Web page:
Utility company to revise electricity tariffs

Nyabarongo hydropower plant. Increase in generation of electricity will enable government to subsidise energy for industrialists. File.

Rwanda Energy Group (REG) is set to revise, downwards, power tariffs for productive users, such as industries in the coming months.

The revision of tariffs was initially to be implemented by May this year but it was postponed.

The Minister for Trade and Industry Vincent Munyeshaka, said that the revision will largely benefit productive users. He said that the country is in the process of getting past the hurdle of energy production, which has made room for price reduction.

“Previously, energy production was not enough. We have been able to boost production. Now we are trying to make it cheaper for users, especially the productive users in the industrial sector. This is part of the reforms that are ongoing,” Munyeshaka said on Friday.

He said that they have since conducted a feasibility study which proved that price adjustments were now possible.

“We want to have some preferential consideration for productive users. We conducted a feasibility study whereby the findings show that it is possible to reduce the cost further,” he said.

REG chief executive Ron Weiss said that the revision will also involve reduction of cost of generation by cutting reliance on fuel for energy generation.

He said that the firm is working to ensure that by 2020, there will be no reliance on fuel for energy generation which will reduce cost of production. This will include installation of new power stations.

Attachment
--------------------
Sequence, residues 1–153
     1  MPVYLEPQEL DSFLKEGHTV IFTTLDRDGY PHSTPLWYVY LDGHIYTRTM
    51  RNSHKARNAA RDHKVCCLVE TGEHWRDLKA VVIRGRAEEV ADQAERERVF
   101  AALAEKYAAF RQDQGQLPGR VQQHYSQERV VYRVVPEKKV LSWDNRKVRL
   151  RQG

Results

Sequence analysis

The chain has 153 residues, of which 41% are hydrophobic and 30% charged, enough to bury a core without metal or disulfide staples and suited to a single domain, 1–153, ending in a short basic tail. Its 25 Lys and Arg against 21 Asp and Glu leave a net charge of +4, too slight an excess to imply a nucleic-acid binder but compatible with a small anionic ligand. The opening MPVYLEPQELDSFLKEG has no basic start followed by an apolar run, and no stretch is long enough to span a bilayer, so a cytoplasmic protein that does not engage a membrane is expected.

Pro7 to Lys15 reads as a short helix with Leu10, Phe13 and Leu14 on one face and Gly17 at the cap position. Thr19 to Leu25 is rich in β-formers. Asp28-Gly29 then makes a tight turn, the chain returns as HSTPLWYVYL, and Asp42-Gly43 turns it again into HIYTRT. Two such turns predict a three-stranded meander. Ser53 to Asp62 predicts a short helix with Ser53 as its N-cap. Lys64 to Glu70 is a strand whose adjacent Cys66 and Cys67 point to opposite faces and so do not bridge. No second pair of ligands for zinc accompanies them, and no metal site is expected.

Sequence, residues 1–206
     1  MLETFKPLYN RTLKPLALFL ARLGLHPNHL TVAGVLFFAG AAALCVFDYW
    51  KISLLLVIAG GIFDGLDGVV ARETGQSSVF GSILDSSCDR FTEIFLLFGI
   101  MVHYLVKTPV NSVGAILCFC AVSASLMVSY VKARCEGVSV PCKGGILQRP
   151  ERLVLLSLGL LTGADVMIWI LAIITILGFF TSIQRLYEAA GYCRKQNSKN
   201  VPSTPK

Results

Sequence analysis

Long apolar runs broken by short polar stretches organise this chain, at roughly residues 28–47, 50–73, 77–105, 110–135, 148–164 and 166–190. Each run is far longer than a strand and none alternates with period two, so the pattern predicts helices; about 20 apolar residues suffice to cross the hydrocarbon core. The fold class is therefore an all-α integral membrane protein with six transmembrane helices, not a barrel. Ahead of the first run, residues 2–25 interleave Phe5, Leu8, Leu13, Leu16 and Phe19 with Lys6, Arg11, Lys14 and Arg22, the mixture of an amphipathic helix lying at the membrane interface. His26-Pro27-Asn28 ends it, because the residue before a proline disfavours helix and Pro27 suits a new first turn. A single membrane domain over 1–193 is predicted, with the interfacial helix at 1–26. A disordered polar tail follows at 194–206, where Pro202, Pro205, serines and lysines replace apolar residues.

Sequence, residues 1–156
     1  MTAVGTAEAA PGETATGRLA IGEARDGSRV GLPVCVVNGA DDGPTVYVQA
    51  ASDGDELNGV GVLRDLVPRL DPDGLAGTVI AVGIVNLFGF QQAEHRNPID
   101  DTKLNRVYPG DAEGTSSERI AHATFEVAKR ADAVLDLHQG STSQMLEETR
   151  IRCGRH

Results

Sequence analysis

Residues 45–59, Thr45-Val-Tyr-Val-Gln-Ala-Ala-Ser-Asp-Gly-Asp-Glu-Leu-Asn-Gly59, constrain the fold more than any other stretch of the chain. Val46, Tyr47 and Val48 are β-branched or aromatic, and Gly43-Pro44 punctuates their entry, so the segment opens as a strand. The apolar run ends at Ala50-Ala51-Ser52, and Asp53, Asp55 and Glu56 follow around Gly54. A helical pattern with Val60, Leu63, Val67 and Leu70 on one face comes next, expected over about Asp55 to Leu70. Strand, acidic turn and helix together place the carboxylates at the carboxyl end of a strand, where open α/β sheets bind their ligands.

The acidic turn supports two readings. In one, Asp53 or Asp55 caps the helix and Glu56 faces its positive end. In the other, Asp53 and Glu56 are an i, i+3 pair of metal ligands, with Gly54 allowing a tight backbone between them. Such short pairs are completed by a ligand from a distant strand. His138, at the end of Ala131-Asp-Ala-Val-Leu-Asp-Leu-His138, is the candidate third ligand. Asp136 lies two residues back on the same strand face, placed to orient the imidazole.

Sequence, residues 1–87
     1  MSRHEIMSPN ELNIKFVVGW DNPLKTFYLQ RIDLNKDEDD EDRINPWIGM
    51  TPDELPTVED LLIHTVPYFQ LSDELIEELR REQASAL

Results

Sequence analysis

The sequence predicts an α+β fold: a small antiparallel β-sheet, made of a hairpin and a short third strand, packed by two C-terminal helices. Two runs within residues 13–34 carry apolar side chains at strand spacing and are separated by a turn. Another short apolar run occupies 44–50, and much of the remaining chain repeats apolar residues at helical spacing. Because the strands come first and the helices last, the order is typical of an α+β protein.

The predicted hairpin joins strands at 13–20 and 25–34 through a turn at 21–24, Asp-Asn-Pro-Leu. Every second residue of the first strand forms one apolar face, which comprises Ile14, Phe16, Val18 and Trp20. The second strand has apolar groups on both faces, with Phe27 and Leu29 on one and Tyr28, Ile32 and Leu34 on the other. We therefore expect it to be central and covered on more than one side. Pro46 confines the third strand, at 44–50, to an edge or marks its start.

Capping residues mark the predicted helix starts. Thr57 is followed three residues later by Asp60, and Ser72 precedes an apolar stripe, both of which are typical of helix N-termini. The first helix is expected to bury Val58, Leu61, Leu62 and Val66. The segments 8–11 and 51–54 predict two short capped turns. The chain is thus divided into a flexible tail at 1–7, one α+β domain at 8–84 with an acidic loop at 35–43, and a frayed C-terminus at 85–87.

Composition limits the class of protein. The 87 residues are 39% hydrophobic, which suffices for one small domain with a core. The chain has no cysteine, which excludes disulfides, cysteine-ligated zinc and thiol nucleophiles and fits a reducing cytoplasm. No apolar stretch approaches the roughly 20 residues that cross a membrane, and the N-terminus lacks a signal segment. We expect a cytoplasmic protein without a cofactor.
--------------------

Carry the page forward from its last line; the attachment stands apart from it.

The increasing demand for energy by large industries also makes it possible for the firm to reduce on cost.

Among the challenges that have been in the way of revision of tariffs include energy losses due to quality of grid, as well as theft.

“We are currently facing a challenge of theft, which is causing us to lose significant revenue,” he said.

The firm estimates that the current losses are about 20 per cent of all energy on the grid with about half the losses being commercial losses due to theft.

“We have succeeded in reducing the technical losses to below 20 per cent by improving the grid. The target should be less than 10 per cent. Every year we plan on reducing it by at least one per cent,” he explained.

He, however, noted that the tariff reduction will not be drastic on the onset due to cost of production.

“We are still not mature enough to reduce the tariffs drastically. Every new power station will enable us reduce the cost gradually. It will take some time,” he said.

The revision, he said, was delayed as they were experiencing challenges such as drought which saw water quantities in the dams reduce.

“We had a challenge in the previous year as the quantity of water was quite low due to the drought that was experienced,” Weiss explained.

Ongoing consultations with the Rwanda Development Board and the Ministry of Trade and Industry will determine which sectors will be considered to benefit most from the price adjustments.

Current electricity tariffs have consumers with large industries pay Rwf83 per kilowatt, those with medium industries Rwf90 per kilowatt, while the small industries pay Rwf126 per kilowatt.

Regional average cost of energy at the grid is $15 cents.

A recent study by local private sector across the East African region showed that cost of energy contributes between 15 per cent and 18 per cent of total production costs.



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